Supervised comparison of metagenomes associated with largest and smallest tumors
To confirm the association of large tumor size with glycan degrading microbial communities, we divided patient samples into “Large Tumor” (LT-group) and “Small Tumor” (ST-group) groups. Two groups of metagenomes were selected to quantify abundances of the communities. The LT-group included 14 metagenomes of patients with the largest tumors, and the ST-group had 14 metagenomes of patients with the smallest tumors (Fig. 2a). The LT-group were also significantly more enriched in patients with stage III/IV of CC then ST-group (chi-squared contingency table tests p-values 0.02), since tumor size is roughly correlated with stage in the 2009 FIGO staging system used in the study. The diversity and richness of molecular functions was significantly higher in LT versus ST-group (Fig. 2b and Fig. 2c respectively). There were 1,496 differentially abundant KOs between the groups with most of the KOs (75%) were more abundant in the LT-group. The density plots of the differentially abundant KOs were also different between the groups. The KO abundances were significantly more scattered around the mean (standard deviation is 2.6) in LT-group when compared with ST-group (standard deviation is 1.3). The KO abundances mean value was almost twice as low in LT-group than in ST-group (Fig. 2d and Fig. 2e respectively). The observed density plots indicated that 2 distinct populations (sets) of molecular functions, referred to as LT-abundant and ST-abundant, might coincide in each metagenome but be most representative in either LT- or ST-group of samples. This conclusion was confirmed by density plots of all KOs found in LT-group (Fig. 2f) and in ST-group (Fig. 2g). By fitting parameters of the normal distributions from Fig. 2d and Fig. 2e to density plots in Fig. 2f and 2g using multiple linear regression, we found that although both, LT- and ST- abundant functions were present in LT- and ST-group of metagenomes, the fitting parameter of LT-abundant population was increased in LT-group by 1.2 and the fitting parameter of ST-abundant population was decreased by 1.5 in the group.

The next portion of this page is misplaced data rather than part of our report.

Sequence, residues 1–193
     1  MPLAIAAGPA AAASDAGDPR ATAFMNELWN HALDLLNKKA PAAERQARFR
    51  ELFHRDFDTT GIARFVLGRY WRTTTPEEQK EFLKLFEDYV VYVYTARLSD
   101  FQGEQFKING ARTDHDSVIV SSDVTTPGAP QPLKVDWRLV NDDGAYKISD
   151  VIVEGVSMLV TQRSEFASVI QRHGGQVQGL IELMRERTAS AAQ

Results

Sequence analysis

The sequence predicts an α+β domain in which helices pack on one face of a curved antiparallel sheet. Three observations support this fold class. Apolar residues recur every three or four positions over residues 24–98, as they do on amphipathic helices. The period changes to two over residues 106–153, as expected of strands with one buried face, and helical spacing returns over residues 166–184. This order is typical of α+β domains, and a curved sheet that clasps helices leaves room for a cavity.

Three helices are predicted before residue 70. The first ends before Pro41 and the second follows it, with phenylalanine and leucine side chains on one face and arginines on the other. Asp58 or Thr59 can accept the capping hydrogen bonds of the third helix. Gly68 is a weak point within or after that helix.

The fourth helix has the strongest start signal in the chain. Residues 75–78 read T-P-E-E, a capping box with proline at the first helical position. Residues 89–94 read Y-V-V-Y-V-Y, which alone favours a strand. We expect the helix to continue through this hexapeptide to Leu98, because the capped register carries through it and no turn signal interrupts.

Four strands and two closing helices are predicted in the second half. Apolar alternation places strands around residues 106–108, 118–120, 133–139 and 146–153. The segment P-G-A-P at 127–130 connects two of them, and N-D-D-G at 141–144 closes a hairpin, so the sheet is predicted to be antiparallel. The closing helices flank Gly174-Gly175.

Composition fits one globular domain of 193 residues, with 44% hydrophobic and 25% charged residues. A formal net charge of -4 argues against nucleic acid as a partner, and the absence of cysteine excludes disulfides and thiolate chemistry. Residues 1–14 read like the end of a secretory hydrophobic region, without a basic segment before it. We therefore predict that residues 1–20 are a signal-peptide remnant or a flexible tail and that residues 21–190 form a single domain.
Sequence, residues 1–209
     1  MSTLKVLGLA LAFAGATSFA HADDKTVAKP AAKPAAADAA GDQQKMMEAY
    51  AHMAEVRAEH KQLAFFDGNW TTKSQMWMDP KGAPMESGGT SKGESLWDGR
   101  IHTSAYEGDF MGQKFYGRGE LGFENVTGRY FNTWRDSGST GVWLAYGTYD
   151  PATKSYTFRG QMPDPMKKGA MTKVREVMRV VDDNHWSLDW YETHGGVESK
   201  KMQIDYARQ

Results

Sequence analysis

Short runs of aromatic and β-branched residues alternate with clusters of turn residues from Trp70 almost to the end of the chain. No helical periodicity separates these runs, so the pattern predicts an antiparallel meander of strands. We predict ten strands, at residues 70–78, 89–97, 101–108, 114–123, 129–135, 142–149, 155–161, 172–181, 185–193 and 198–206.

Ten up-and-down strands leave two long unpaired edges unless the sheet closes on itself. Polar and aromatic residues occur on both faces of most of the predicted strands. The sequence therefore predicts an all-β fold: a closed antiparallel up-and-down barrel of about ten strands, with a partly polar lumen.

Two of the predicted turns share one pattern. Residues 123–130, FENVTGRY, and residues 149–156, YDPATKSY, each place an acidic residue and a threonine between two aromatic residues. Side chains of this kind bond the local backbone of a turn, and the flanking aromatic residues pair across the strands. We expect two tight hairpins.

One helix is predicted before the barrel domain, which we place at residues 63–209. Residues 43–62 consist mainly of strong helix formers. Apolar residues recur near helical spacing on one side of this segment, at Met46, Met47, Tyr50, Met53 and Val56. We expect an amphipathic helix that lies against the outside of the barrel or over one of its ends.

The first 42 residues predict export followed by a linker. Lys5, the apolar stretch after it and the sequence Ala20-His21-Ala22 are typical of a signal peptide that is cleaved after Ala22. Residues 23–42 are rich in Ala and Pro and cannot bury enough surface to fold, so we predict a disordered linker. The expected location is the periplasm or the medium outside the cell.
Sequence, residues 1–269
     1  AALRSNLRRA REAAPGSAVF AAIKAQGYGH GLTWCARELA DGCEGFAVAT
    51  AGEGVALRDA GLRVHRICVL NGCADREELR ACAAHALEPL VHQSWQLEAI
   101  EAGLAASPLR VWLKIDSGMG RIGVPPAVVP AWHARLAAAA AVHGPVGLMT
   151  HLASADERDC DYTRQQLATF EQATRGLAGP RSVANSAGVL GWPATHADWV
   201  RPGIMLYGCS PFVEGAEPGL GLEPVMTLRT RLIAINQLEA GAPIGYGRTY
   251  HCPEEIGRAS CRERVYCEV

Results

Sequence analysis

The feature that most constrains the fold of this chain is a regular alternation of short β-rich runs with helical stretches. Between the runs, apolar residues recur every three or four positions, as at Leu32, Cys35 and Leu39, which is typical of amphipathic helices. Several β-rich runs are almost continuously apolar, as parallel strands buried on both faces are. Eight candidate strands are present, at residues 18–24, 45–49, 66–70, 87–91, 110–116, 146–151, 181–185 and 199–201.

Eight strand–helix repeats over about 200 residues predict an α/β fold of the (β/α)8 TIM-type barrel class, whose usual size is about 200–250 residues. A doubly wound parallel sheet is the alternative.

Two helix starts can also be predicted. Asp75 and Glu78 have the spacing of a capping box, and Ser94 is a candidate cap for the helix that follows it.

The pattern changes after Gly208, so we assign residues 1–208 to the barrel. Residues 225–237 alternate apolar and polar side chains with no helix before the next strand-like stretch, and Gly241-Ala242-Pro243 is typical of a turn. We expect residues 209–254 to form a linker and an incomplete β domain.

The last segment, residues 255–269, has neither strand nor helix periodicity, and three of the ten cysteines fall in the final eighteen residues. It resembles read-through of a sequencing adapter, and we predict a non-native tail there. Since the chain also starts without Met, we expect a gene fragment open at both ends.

CAZyme Enzyme families associated with small tumors
To associate the LT-abundant KO population with the glycan degradation we compared abundances of carbohydrate-active enzymes (CAZyme) families in this population and in the ST- abundant KO population using CAZy database . The database classifies CAZymes according to their functions, such as synthesis of complex carbohydrates or their hydrolysis.
Glycoside hydrolases GH, which are enzymes involved in hydrolysis of glycosidic bonds between carbohydrates or between a carbohydrate and a non-carbohydrate moiety, were highly enriched in LT abundant KO population (Fig. 2h). There were 16 GH among KOs in the population, and none in the ST abundant population, which included only 3 Glycosyl Transferases (GT); the enzymes that are mainly involved in biosynthesis of disaccharides, oligosaccharides, and polysaccharides. We further compared ST- and LT-abundant KO populations in terms of abundances of glycosidases, enzymes annotated by EC 3.2.1- involved in hydrolyzes of O- and S-glycosyl compounds. There were 32 glycosidases in 28 samples, and many of them were significantly more abundant in metagenomes of patients with large tumors (Fig 2i). Only one enzyme, lysozyme, was found to be significantly more abundant in the small tumors group of patients. Lysozyme is a known component of two-component cell lysis cassette in bacteriophages .